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Varnish, The golden nectar

Varnish, The golden nectar

The key in varnishing is in the preparation, so sand, sand, sand and when you think you've sanded enough sand once more. Use a good quality tack rag and remove all dust. If you are varnishing onto bare wood then a 50/50 mix of white spirit to varnish is the best to ensure a good adhesion of the first coat. Then a 75/25 mix of varnish to white spirit and then onto the full varnish coats. Each layer will need to be sanded lightly in between (nibbing).

You should apply at least 4 coats of varnish 6 is ideal and any more and you are showing real commitment!  The perfect day for doing varnish outside is no wind, certainly no rain, a warm day and hopefully not too much direct sunlight. Avoid applying the last coat of the day late afternoon as when the evening dew settles on the varnish it will create a bloom.

The traditional way of applying varnish is of course with a brush, preferably with hair removed from the sensitive parts of some endangered species of furry animal purchased at vast cost by your grandfather and passed down father to son on their death-bed. Failing this there are very good quality brushes available now, but always make sure a new brush is washed and dried before use or you may find errant hairs sticking to your lovely varnish work.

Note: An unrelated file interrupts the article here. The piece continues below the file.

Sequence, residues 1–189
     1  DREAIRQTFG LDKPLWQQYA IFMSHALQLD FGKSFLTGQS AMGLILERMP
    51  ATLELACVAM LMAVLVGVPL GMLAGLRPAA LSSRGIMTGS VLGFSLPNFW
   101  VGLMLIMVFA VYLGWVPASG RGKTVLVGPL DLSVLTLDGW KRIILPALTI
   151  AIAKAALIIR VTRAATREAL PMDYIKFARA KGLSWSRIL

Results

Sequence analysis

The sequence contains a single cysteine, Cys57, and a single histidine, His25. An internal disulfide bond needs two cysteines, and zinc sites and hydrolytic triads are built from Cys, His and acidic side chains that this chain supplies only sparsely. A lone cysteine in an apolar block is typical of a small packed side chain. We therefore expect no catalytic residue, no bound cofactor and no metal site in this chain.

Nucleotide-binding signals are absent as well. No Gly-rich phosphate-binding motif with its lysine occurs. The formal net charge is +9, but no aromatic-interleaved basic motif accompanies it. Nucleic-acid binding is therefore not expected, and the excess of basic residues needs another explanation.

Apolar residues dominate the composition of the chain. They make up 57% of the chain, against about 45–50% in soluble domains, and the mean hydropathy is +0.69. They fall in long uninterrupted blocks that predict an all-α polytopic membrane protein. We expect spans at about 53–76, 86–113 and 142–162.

When all finished and it is time to put away your varnish, follow these steps and your tin of varnish will be good for next year. When putting on the lid exhale into the can as you do so, this kills the oxygen in the can giving the varnish less chance of setting. Put the lid on tightly and turn the can upside down to store. This ensures that if a skin does form the good varnish is at the top when you open the tin next season.

Good luck!

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Comments (1)

Dom Hicklin :

I'd never hear of Turning the tim upside down to store it before. Top ideas thank you!

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